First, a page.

Steamer – You’ll still hear the term “steamer” used. Basically any one-piece suit is what it refers to. It’s because of the steam that allegedly comes out of a suit in cold weather, when you unzip it.

“Ballooning” – This is the weird phenomenon experienced by kitesurfers where water thrown up from the edge of the board finds it’s way into the legs of your wetsuit. It gets in through the bottom of the wetsuit legs and stays there, causing the wetsuit to “balloon” around your lower leg.

It’s really annoying and looks pretty uncool too! It’s a common joke on the beach – “Look who’s p***ed in his Balloon Legswetsuit!”.

A good wetsuit will have tightening straps or seals at the ankles to help prevent this. But I’ve found a cheap and easy way to stop it is with a couple of strips of overlapping velcro wrapped around the ankles of a suit.

A few wetsuits even have one-way drain holes in the ankles to let any accumulated water out.

The other way to avoid it, if you’re wearing wetsuit boots, is to tuck the bottom of the wetsuit legs into the boots.

Thermal Lining – Most winter wetsuits have a fleecy lining in the inside of the upper torso, and in some cases the legs too. It’s amazing the difference this makes to the heat retention properties as it traps air, and any water that gets in and creates an insulating layer against the cold.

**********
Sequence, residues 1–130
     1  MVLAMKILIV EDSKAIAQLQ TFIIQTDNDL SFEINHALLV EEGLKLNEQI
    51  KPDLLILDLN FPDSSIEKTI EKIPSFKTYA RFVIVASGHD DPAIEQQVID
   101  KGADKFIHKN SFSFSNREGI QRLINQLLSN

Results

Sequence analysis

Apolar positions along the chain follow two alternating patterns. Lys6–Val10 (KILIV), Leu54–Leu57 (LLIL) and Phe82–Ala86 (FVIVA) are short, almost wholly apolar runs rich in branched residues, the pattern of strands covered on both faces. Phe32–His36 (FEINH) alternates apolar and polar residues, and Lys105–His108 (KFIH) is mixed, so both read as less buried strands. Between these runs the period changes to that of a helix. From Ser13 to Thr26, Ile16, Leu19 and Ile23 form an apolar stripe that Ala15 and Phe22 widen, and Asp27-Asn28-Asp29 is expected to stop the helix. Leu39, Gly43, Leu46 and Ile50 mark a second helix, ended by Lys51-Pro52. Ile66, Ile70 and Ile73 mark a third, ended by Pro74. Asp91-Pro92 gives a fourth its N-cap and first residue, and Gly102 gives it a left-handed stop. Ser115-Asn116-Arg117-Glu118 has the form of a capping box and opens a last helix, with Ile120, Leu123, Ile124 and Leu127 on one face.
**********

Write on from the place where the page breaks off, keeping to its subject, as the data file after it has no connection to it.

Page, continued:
Shorty – A thin summer wetsuit with short legs and arms.

Wetsuit Sizing

It’s really important to get the right size and fit of westuit. I know that sounds obvious, but it’s not just a case of it being the right size. It has to be a snug fit with no bagging in areas like the back.

Any large gaps between you and the suit will accumulate water and reduce the effectiveness of the suit.

So it’s worth trying a suit on if you can. However, all westuit brands provide detailed size guides and they tend to be pretty accurate. So if you’re buying online you should be fine as long as there’s a return policy in case it doesn’t fit well.

Kitesurfing or Surfing Wetsuits?

Most wetsuit brands have their origins in surfing, and surfers still make up their main customer base. For that reason, there aren’t really any kitesurfing specific wetsuits on the market.